at the Academy of Movement and Music

November 10

One of the great pleasures of chamber music lies in tracking the progress of a group of musicians from the stage of “Hey, let’s put on a recital!” to complete confidence in themselves. In the past two seasons the members of Ensemble d’Accord have made the subtle shift from the highly promising to the totally professional, attaining the kind of understanding of each other’s styles that approaches mind reading. Only many hours spent locked up together can produce that.

Chamber-music groups made up of full-time instrumentalists (like Chicago Symphony members) can sometimes beat a dedicated part-time outfit in terms of technical achievement. But very seldom does one find in them the commitment to the music that is the rule with part-time players like Ensemble d’Accord; such commitment often produces dynamic, intensely personal music. Ensemble d’Accord has generally been both dynamic and personal right from the start; but in the past some members were technically weaker than others, and some acted like soloists, not always working together with their colleagues. Personnel changes and a higher level of commitment seem to have taken care of these problems.

The six members of Ensemble d’Accord–oboist Christine Janzow, clarinetist Ruth Rhodes, bassoonist Lynette Pralle, violinist Fred Sin-Yi Chu, cellist Jeremy Grace, and pianist Mary Ann Krupa–have by now spent so much time in musical company that they appear to have a perfect grasp of one another’s strengths and limitations. Conductorless, they shift gears through a complicated piece as flawlessly as a well-tuned Ferrari on a mountain road. They’ve chosen a difficult repertory–from demanding works by Schumann to a plethora of contemporary compositions–which must have required many hours of rehearsal. Happily, those hours paid off.

On November 10 Ensemble d’Accord presented a program (first performed two weeks earlier at the Beverly Art Center) that illustrated their peculiar strengths–particularly a variety of instrumental combinations and therefore of sounds. Unfortunately, in an attempt to give equal time to all six instruments, they also produced a program that was too long by a good 20 minutes.

The centerpiece of the evening was Rumpelstiltskin in Love, written for Ensemble d’Accord by Evanston composer Dan Tucker; it was designed to give the lie to Krupa’s usual complaint that “we never get to play all together.” Tucker’s second career–he retired in 1989 from the Tribune’s editorial board–has brought commissions from prestigious outfits such as the National Symphony; his opera Many Moons has been performed in Budapest.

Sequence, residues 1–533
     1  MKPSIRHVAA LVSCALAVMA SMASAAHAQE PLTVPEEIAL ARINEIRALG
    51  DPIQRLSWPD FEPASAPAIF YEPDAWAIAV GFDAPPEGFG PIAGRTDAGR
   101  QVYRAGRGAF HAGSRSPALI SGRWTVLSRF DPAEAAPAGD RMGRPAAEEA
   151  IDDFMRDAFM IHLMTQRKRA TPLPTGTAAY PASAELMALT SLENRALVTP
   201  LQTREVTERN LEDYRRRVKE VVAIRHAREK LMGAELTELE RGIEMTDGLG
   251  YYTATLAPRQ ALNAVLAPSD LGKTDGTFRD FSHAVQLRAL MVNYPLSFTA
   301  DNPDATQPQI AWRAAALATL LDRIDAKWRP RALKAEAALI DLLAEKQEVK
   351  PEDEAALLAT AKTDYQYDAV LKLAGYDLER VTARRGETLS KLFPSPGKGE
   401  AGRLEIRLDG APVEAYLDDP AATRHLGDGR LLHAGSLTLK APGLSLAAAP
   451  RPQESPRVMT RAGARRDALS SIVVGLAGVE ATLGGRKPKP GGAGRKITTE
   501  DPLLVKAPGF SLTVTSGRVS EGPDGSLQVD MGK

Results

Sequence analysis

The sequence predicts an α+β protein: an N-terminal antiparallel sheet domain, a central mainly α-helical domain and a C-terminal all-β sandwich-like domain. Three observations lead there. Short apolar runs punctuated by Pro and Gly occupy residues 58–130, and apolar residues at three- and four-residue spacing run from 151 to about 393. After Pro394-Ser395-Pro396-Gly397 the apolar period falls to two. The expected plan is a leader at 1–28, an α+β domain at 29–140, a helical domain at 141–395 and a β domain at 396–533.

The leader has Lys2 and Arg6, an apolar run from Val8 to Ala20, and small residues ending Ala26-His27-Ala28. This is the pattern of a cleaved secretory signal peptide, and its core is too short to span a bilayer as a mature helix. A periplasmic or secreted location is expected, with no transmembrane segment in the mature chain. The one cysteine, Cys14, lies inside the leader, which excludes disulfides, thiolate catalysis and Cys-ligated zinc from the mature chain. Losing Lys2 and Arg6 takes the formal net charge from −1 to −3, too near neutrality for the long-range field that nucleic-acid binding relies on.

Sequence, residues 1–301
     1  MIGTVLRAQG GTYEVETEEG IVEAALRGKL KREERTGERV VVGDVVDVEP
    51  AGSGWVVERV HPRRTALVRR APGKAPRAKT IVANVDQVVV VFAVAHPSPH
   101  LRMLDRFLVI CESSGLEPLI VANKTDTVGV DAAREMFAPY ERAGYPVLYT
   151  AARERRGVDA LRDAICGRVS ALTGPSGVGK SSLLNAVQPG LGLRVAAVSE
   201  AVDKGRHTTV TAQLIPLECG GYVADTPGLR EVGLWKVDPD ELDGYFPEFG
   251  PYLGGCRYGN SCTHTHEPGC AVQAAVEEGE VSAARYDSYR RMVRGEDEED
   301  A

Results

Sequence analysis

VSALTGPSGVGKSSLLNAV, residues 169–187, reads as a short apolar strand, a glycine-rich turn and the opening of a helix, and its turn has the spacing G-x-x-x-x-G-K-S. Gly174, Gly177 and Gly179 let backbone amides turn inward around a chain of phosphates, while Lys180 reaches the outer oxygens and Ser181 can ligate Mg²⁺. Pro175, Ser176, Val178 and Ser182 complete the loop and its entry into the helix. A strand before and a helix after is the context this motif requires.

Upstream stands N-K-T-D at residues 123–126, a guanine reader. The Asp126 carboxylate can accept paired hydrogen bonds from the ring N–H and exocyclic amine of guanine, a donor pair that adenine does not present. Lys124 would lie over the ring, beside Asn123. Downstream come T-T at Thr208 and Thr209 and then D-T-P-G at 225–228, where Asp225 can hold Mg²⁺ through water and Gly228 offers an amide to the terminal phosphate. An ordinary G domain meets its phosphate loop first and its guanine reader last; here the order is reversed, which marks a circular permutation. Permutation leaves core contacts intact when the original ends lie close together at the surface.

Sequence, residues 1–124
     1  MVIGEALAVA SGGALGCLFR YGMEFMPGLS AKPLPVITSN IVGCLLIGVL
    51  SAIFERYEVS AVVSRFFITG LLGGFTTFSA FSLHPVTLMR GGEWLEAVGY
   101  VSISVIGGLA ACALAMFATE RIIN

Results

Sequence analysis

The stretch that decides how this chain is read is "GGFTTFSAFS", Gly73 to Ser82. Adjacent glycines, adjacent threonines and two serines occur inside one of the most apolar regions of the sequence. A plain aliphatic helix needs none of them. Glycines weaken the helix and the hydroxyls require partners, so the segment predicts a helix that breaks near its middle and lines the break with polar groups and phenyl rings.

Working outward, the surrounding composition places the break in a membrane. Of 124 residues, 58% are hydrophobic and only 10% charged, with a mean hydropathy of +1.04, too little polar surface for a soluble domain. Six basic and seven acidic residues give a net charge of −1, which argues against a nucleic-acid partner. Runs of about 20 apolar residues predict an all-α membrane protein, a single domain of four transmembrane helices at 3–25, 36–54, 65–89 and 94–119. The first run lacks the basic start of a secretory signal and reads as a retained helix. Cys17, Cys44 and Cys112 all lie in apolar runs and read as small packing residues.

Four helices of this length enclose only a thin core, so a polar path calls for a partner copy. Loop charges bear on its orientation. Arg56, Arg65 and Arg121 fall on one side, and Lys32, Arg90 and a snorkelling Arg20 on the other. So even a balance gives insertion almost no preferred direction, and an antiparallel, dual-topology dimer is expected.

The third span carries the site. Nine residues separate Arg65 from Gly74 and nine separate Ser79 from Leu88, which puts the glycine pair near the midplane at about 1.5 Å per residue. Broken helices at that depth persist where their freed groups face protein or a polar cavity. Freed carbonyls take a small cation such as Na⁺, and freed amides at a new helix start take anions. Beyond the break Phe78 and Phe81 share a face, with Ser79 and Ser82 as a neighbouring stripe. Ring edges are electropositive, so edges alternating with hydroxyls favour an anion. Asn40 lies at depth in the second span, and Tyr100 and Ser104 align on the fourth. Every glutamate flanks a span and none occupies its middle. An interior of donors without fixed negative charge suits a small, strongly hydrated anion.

Rumpelstiltskin in Love (which Tucker has now made the overture for his opera in progress, Rumpelstiltskin: The Real Story) is essentially neo-romantic in style, and it’s old-fashioned in the sense that it offers a story–the Rumpelstiltskin fairy tale–within the music. Short and pleasant, the piece offers each instrument a chance to shine, and blends the varied sounds into a workable whole.

The other highlight of the concert was the Peter Schickele Quartet, in four movements, for clarinet, violin, cello, and piano. This jazzy and original work is quite unlike the P.D.Q. Bach oeuvre for which Schickele is famous, and much less derivative than some of his other works. The “pirate music” finale was particularly effective in its driving five-eight rhythm.

The final test for any piece of music–particularly 20th-century music, which can be hard on the ears–is whether one would care to hear it again. Both the Tucker and Schickele pieces passed with flying colors, as did One, Two, Buckle My Shoe by Irving Fine, a pleasant diversion that began life as the background music for a documentary on the making of children’s footwear. Less impressive was the wholly derivative and not particularly interesting Trio by British composer Madeline Dring; it would have been better to hear Bernstein’s or Copland’s own music instead of this pallid imitation.

Despite its whimsical title, Schumann’s Fairy Tales, opus 132, is rather grim; nevertheless it was chosen to round out the program’s theme of whimsy. Also featured were the Haydn-esque Concert Champetre by Tomasi and a brief Duet for violin and cello by Pleyel. The ensemble’s blend of traditional and contemporary music worked better than such multiperiod programs usually do for bigger organizations. Possibly the ensemble is more concerned with seeking out performable, listenable music that works for it than it is with simply doing contemporary music for its own sake.

Ensemble d’Accord is notable for the friendly informality of its concerts. The women wear colorful dresses instead of standard crow outfits, and instead of relying on program notes Krupa offers lively, humorous, and well-researched introductions to each piece herself. Because a fair number of children were expected to attend this fairy-tale-oriented program, the ensemble provided suckers (quickly discovered by the adult population during the intermission), crayons, and paper for coloring. The group was both helped and hindered by the setting of the Doris Humphrey Theater, which is rather like a gymnasium. It’s not much for looks, but the audience is right there next to the musicians, which gives the performance an immediacy not always to be found when there’s a proscenium in the way. Unfortunately the piano was somewhat out of tune, particularly in the uppermost octave, which robbed some of the playing of its magic.